Lightroom Photo Import
Apply During Import
The Apply During Import panel lets you combine Develop presets with the import process as well as apply metadata and keywords. I've already stated my belief that editing adjustments are best saved until all of the images have been safely offloaded from the camera card.
In addition, I am not so sure I like the results you get using Lightroom 4's Auto Tone preset. It should be pointed out here that when using this latest version of Lightroom, all newly imported images use the latest Process Version 2012, which has an updated auto tone calculation. When it works well the results look great. However, with a number of images the exposure settings can be quite far off, meaning I have to manually edit these later. And of course, you won't get a preview of how the image looks until after it is imported. So I'm hesitant to recommend Auto Tone as a good option right now.
For studio work I would instead recommend you establish appropriate develop settings for a test image first, create a new custom develop preset and select this as the starting point for subsequent imports.
I definitely think it is a good idea, however, to apply a Metadata template that at a bare minimum embeds your contact and copyright information. In the Keywords section below it you can add descriptive keywords describing the sequence of photos you are about to import, or the name of a sporting event or location the photos were shot in. For keywords to be most useful though, you will want to additional and more specific keywords to individual images after the import stage.
As I mentioned earlier, the decisions you make early on about how you organise your photos can have big implications for how your catalog of photos will be managed in the future. If you have a good system worked out you can create new folders each time you carry out an import. But this does mean one more thing you have to think about doing when importing (and be careful not to make any errors in the naming or folder hierarchy).
A simpler alternative is to initially copy everything to the same folder each time you carry out an import. This is part of what is known as a 'workflow folder' strategy, which was first proposed by Peter Krogh in his work, The DAM book. This method makes a lot of sense – every card import can be handled the exact same way and summarized using a standard import preset.
|In this view of the Destination panel you can see how I selected the volume drive 'Library-HD' and checked the 'Into Subfolder' option and named the new subfolder 'Import photos'. Files were organized so as to be imported 'Into one folder'.|
With a workflow folder strategy you first import everything to the same import folder and use this as a 'holding zone' From there you can move the files to a DNG folder after you have converted them to DNG and from there move them to a 'Photos to keyword' folder and after that decide in which folders they should finally be placed. This takes some of the strain out of thinking about where to put everything during the initial import stage.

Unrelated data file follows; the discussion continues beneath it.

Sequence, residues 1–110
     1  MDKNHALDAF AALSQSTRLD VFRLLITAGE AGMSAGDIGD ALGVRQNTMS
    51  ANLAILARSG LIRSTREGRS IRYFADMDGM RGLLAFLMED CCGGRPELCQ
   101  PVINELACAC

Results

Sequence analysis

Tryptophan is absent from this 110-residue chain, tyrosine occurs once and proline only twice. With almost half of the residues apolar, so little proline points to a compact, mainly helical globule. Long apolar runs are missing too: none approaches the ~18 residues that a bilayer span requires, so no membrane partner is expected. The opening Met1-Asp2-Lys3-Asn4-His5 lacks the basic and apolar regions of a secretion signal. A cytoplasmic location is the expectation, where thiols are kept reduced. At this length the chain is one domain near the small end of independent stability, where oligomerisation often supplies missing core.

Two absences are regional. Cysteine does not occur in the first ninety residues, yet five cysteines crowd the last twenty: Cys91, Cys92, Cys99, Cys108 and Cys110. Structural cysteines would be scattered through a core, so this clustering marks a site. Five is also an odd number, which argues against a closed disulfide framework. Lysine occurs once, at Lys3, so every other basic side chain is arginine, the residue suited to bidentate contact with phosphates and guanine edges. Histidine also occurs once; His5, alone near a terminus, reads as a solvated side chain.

Here is a schematic diagram showing how the import step (shown in the image above) can be the first of a series of workflow folders.
By default, Lightroom suggests new photos should be imported to the Pictures/My Pictures folder. This will be on the same volume as the operating system. And if you are working in the field with a laptop you won't likely have much option to do anything else.
However, if you are working from the home or studio with a computer system with additional drives, it makes a lot of sense to store the imported files on volumes other than that used by the operating system. This keeps the calls to the operating system separate from the disk write/read activity.
On the same note you might want to give some consideration to where the main Lightroom catalog and the Camera Raw cache folders are kept. These will grow in size as your image collection expands and should ideally be stored on a fast hard drive. Keep in mind though that the catalog must reside on a local, not networked drive. My personal preference is to use a large capacity SSD drive for the main Operating System hard drive and keep the Lightroom catalog and Camera Raw cache folders on there.
Even if your import process is not complicated, there are benefits to ensuring it is consistent. And Lightroom offers import presets to do just that. Click on the pulldown menu to the right of the Import Preset option and you can choose 'Save Current Settings as New Preset'. The preset you create will then appear in the pulldown menu.
Of course, the more complexity you add to the import process, the more beneficial a preset becomes. The example below shows how you might configure the Destination panel settings so that imports are automatically imported into newly created folders segregated by date.
Jul 20, 2015